Multi-modal analysis of the non-verbal elements
In addition to the verbal channel, the advert draws significantly on the non-verbal (in this case visual) channel, inspiring a multi-modal analysis of the interplay between the two. There are four non-verbal elements that appear to be crucial in the case of this advert: (1) the candidate’s photograph; (2) the use of the slogans on a box of matches distributed alongside the election leaflet; (3) the visual representation of the main election slogan in a stylized “bubble”; and (4) the choice of the colour scheme. Two of the elements (namely the candidate’s photograph and the box of matches) appear to contribute to the interpretation of the election message as racist, the other two (the “bubble” shape and the colour scheme) might, with some danger of over-interpretation, be construed as connected with such an interpretation.
The first element calling for a brief commentary from a multi-modal perspective is the photograph. The candidate is presented at a slight angle, looking the prospective readers straight in the eyes. The direct visual contact is a non-verbal counterpart of the imperative sentence structure and the direct reference to the recipients as “you” in the first slogan, thus enhancing the quasi-interactive potential of the advert. The candidate is shown as a self-confident woman, a member of the majority (white) population. Her head is tilted in a way that seems to indicate intimacy and humbleness, yet her look appears somewhat sly—it is a knowing look that seems to establish complicity with the recipients. It is as if she is conveying a message along the lines of “we all know what I mean”.
Second, there is the red box of matches distributed alongside the election leaflet. It is commonplace for politicians to give out some ephemera, such as balloons, pens, pins, postcards, bottle openers, etc., with their names, slogans and affiliations printed on them. In this case, however, the matches came to be interpreted as a symbol that sparked large-scale public discontent with the campaign, which eventually led to the discrediting of the candidate. This phenomenon is described in more detail in the next section, as are several other circumstances that indicate that this political advertising campaign is an instance of implicit racist rhetoric.
As regards the main slogan, the words are enclosed in a “bubble” that is linked to the candidate’s name at the bottom of the advert. The bubble is a stereotypical device for representing speech in some visual genres, e.g. in comics. At the same time, however, the geometric shape of the bubble bears a stunning resemblance to the visual style introduced in 2006 to officially represent the Czech Republic internationally. Similar bubbles, with various textual segments, have been used to market the Czech
Republic for the purposes of tourism, business, etc., and were also used during the Czech presidency of the EU in the first half of 2009.
By using the bubble, the politician may, thus, wish to convey her “Czechness”. Alternately, by appropriating the visual style, she may be suggesting an affinity between her political programme and some official state position. In this sense, her personal discourse of political advertising is, in fact, parasitical on another advertising discourse in a complex game of intertextuality and interdiscursivity (cf. Fairclough 1992, Wodak 2009). Yet, the shape of the bubble, with its connotations of the “official Czechness” may also have a role in enhancing the candidate’s political programme, which capitalizes on the contrasts between the majority population and minority ethnic groups.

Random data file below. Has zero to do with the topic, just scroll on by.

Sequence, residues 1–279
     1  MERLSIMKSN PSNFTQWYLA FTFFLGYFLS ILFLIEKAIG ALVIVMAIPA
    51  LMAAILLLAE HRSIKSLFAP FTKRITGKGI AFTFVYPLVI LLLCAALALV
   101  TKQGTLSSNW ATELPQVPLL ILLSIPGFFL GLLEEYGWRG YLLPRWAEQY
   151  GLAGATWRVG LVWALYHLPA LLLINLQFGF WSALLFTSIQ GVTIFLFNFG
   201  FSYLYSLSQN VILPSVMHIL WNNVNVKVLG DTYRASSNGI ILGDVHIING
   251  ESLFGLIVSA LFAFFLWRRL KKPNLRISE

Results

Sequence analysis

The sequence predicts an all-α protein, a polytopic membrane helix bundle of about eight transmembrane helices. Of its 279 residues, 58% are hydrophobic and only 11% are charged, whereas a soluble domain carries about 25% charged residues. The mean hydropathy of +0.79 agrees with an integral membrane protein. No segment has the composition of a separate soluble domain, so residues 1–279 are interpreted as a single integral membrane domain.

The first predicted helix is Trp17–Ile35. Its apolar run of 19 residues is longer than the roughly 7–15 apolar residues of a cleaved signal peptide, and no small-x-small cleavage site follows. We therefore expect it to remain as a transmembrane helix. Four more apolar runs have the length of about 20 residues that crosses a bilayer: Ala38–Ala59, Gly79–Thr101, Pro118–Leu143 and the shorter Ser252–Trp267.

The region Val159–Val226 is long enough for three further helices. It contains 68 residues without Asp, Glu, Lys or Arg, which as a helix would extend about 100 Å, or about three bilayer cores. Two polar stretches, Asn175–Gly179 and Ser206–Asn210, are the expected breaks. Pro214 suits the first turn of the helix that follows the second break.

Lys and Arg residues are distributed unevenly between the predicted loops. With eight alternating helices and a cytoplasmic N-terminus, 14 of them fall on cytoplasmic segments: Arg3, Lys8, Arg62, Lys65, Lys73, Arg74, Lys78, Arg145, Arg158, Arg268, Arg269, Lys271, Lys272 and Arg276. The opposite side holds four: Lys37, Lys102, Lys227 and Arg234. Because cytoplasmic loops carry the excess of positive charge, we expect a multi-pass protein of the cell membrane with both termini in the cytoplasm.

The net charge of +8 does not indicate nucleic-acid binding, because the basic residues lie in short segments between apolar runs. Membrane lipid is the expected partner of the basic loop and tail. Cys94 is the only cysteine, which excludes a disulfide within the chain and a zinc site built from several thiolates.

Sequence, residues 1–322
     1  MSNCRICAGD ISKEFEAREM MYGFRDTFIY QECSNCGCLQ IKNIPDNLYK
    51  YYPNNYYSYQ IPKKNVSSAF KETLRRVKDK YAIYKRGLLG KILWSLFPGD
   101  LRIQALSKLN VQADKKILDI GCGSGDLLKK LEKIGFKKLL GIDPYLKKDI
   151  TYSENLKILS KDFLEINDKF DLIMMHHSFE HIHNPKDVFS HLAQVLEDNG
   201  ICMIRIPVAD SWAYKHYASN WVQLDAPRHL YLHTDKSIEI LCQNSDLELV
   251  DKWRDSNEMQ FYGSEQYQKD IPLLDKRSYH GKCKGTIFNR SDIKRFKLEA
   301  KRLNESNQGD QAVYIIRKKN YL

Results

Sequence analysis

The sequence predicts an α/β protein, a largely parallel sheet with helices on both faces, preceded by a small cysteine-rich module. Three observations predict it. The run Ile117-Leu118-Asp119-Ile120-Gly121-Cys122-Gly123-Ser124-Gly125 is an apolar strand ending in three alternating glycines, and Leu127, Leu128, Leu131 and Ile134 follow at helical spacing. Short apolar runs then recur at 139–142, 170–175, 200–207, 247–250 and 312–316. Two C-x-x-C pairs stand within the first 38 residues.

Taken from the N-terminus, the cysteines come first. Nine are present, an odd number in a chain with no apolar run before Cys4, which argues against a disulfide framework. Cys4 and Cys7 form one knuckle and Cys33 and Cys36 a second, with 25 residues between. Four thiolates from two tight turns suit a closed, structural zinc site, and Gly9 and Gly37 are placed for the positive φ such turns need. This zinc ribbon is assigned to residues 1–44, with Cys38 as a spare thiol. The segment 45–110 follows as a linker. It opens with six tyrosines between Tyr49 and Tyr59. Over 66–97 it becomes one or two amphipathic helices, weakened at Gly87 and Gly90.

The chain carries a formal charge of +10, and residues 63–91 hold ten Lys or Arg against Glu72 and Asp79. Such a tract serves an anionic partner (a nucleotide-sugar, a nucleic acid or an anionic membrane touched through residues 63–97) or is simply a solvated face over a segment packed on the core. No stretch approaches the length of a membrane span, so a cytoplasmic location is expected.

Finally, one may notice the colour scheme of the advertising material: the whole advert is a combination of black, white and red. The red colour is most likely used without its stereotypical connotations in politics: in the 2010 election, the candidate was affiliated with neither the Social Democrats nor the Communists, who tend to use orange and red, respectively, as a symbolic expression of their political identities. In fact, Janackova ran for office as an independent candidate on the candidate list of the strongest right-wing party, the Civic Democrats, whose traditional colour is blue.
Accordingly, one might be led to consider the iconic meaning of the red colour outside of politics, where it almost universally signifies blood and fire (and hence tends to convey danger). In the case of the political advert under analysis, the choice of colour, as an additional semiotic code, may combine with the other non-verbal aspects of the election campaign, primarily the choice of matches as one of the physical vehicles for the candidate’s election slogan. Although the choice of red may be purely accidental, its role in the multi-modal construction of the politician’s identity and her election message cannot be discounted. Given the racist reputation of the candidate, the intertextual and interdiscursive nature of the slogan alluding to previous racist texts, and the presence of the matches in the campaign, the colour scheme (i.e. the specific choice of red) may potentially assume new symbolic values.
The following section demonstrates how a contextualized analysis of the advert can enhance the interpretation of the communicated message as potentially racist and how its ambiguous nature can be explained in terms of preferred and dispreferred meanings.
-  In Czech racist discourse, the two groups placed in contrast are “Czechs” and“Roma”. This mixes, somewhat illogically, national and ethnic classifications,erroneously implying that the Roma out-group is “non-Czech”.